The inaugural vote in the first ever Anaheim Calling Tournament of Greatness features a backup who bridged the Guy Hebert and Jean-Sebastien Giguere eras, as well as an alternate mask design worn for just one season by the original franchise goalie. It's first step on the road to determine the greatest goalie mask design of all time in Anaheim Ducks history, as we find out who will face Hebert's top seeded 1996-97 mask.
Dominic Roussel 1999-2000
Traded to the Mighty Ducks by the Nashville Predators ahead of the 1998-99 season for Chris Mason and Marc Moro, Roussel may be best known as the Philadelphia Flyers starting goalie from the 93-94 season. A third round selection by the Flyers in 1988, in his lone season shouldering the majority load Roussel went 29-20-5 with a 3.34 goals against average and .896 save percentage for a Philly team that also played Tommy Soderstrom for 34 games and finished second bottom in the Atlantic Division at 35-39-10.
With Anaheim Roussel served as Hebert's backup for three seasons, appearing in 51 games with a 12-15-9 record, 2.85 GAA and .901 SV%. In his first appearance with the franchise he took a tough luck 1-0 loss to open the 98-99 season at the Washington Capitals, making 33 saves. The best performance of his Mighty Ducks career came December 22, 1998 at Colorado, stopping 45 shots to out-duel Patrick Roy and blank the eventual Northwest Division champions 1-0, making Jeff Friesen's unassisted score stand up the winner. Roussel's only other career Mighty Ducks shutout came against the San Jose Sharks in the 99-00 season. In his final year with Anaheim in 00-01 Roussel suffered through a 10 game winless skid from October 20 to December 27, but won his final game with the club making 23 in a 3-2 win over the Florida Panthers on January 3 before being waived and claimed by the Edmonton Oilers.
Guy Hebert Alternate 1995-96
After being the first player selected in Mighty Ducks history, Guy Hebert largely kept the design on his mask the same with only slight differences. The one season he tried something different came in 1995-96 when Anaheim finished with a 35-39-8 record good for 78 points, fourth in the Pacific Division and narrowly missing their first playoff berth as the Winnipeg Jets finished with 78 points as well but took the spot by virtue of their 36-40-6 record.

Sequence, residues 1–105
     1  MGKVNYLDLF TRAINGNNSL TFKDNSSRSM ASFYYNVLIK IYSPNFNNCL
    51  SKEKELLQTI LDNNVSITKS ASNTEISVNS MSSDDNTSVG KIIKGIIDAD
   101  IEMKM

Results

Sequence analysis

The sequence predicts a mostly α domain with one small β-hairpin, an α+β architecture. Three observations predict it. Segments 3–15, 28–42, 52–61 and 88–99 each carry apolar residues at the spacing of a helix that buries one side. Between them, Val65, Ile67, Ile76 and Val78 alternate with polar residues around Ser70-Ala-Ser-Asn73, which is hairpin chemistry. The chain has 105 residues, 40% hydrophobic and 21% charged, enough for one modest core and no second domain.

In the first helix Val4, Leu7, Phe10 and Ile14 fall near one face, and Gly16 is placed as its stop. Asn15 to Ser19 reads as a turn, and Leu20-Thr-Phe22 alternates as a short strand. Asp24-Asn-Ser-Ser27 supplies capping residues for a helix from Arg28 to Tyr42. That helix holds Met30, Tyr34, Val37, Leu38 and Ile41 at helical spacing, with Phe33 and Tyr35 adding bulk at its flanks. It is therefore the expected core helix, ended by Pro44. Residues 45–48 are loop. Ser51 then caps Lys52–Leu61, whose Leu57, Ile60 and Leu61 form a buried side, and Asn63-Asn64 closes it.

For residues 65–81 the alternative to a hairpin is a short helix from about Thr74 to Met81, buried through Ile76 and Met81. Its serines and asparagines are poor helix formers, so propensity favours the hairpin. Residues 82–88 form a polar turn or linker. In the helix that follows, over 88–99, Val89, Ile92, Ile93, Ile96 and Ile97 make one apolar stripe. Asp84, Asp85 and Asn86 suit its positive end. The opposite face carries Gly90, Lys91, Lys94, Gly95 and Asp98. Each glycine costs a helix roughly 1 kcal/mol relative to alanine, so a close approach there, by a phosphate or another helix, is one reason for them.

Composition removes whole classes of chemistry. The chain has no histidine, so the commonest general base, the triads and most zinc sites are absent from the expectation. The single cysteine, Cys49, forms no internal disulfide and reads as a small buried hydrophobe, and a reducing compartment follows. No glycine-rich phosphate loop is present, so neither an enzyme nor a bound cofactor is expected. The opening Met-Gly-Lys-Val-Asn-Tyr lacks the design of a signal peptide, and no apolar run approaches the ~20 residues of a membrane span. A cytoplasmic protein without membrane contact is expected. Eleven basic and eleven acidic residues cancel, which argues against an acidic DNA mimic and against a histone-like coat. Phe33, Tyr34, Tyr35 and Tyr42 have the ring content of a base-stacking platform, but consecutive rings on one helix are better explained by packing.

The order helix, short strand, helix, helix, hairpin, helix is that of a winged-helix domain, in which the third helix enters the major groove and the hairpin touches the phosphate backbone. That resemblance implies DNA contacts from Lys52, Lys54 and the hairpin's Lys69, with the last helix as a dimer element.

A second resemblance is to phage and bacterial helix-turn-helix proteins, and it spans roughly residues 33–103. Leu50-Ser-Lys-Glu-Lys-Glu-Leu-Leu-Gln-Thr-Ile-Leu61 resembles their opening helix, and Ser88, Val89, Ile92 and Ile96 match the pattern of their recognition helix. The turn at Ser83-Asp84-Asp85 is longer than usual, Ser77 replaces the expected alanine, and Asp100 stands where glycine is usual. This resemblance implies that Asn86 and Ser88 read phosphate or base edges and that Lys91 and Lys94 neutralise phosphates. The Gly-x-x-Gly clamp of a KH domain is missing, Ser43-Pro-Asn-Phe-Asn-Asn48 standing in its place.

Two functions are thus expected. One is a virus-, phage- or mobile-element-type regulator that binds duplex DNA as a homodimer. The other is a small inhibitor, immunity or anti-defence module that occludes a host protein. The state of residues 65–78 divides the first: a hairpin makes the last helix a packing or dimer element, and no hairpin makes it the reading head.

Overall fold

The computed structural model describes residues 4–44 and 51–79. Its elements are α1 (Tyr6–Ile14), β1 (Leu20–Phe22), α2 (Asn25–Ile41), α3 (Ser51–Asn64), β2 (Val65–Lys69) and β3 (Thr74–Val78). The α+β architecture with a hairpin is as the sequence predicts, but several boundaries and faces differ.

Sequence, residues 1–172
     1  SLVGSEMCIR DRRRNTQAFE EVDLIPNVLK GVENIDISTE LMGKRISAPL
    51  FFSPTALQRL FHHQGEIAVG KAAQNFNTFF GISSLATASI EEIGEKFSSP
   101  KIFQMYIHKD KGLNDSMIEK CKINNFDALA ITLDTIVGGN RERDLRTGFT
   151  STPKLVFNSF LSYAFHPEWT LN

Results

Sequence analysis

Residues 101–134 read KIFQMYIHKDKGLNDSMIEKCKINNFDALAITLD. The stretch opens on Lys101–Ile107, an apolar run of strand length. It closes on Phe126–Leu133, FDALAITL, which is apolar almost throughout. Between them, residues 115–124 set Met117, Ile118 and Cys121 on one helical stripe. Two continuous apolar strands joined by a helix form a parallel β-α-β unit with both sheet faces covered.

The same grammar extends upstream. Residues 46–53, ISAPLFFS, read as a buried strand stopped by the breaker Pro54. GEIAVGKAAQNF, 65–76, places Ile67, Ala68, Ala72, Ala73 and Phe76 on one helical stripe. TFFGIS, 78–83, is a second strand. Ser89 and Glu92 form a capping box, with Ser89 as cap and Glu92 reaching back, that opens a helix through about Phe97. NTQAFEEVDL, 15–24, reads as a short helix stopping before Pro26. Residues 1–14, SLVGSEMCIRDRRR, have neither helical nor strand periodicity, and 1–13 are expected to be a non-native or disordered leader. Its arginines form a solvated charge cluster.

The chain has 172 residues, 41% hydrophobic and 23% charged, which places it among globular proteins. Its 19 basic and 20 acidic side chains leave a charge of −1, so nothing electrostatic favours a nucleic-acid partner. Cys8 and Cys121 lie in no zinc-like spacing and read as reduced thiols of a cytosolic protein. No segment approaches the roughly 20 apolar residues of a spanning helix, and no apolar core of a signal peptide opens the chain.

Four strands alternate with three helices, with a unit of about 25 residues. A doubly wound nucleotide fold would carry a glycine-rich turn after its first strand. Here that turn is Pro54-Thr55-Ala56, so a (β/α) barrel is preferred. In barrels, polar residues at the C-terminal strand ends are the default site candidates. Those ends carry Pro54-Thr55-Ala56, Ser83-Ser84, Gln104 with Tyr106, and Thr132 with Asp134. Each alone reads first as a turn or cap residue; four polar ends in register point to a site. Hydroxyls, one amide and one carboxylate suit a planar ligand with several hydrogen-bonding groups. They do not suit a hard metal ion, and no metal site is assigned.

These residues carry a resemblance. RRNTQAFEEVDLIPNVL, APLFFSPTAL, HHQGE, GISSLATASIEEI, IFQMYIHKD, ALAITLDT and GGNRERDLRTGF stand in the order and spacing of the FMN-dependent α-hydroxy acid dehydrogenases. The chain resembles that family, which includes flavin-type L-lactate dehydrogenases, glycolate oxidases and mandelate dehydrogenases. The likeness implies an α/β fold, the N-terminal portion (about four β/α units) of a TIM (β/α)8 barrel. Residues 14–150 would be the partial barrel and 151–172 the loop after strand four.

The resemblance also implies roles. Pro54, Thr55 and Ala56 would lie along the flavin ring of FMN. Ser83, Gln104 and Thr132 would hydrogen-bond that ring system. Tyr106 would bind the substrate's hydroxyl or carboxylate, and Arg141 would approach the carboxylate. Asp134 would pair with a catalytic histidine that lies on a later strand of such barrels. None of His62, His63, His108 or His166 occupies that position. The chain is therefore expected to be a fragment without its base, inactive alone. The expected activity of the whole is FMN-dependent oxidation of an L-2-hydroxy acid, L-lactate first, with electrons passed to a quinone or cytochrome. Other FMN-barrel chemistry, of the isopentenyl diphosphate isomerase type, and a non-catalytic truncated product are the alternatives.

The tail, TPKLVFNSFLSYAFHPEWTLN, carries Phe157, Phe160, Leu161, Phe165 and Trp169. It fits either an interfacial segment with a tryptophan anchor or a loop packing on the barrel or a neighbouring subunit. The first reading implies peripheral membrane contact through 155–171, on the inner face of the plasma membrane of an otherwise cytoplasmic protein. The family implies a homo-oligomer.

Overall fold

The only images of this alternate mask worn by Hebert in the SB Nation Getty Images archives come from a 5-4 home overtime loss against the Chicago Blackhawks on November 24, 1995. The Mighty Ducks got a pair of goals from Steve Rucchin, tallies from Bob Corkum and Mike Sillinger (who also dealt a pair of assists for a game-high three point night) as Hebert made 40 saves before conceding the winner 3:08 in to overtime. Later in the season Hebert would be back to his regular mask design with the Mighty Ducks crest on the forehead, jade wings with white and yellow trim on the sides, and his #31 on parchment on the chin. Only a few hockey cards feature him with this mask design, including his 95-96 Topps Finest single and 96-97 Metal Universe single.
It's Voting Time
Which mask design is better? Vote in the poll below, share your thoughts in the comments, and remember if you comment about it on Twitter with #ACmaskTOG your chosen mask will get another point added to the total. The poll is open until noon on August 4, so be sure to cast your vote and share with as many Ducks fans as you know!
Historical game information and stats in this article taken from www.hockey-reference.com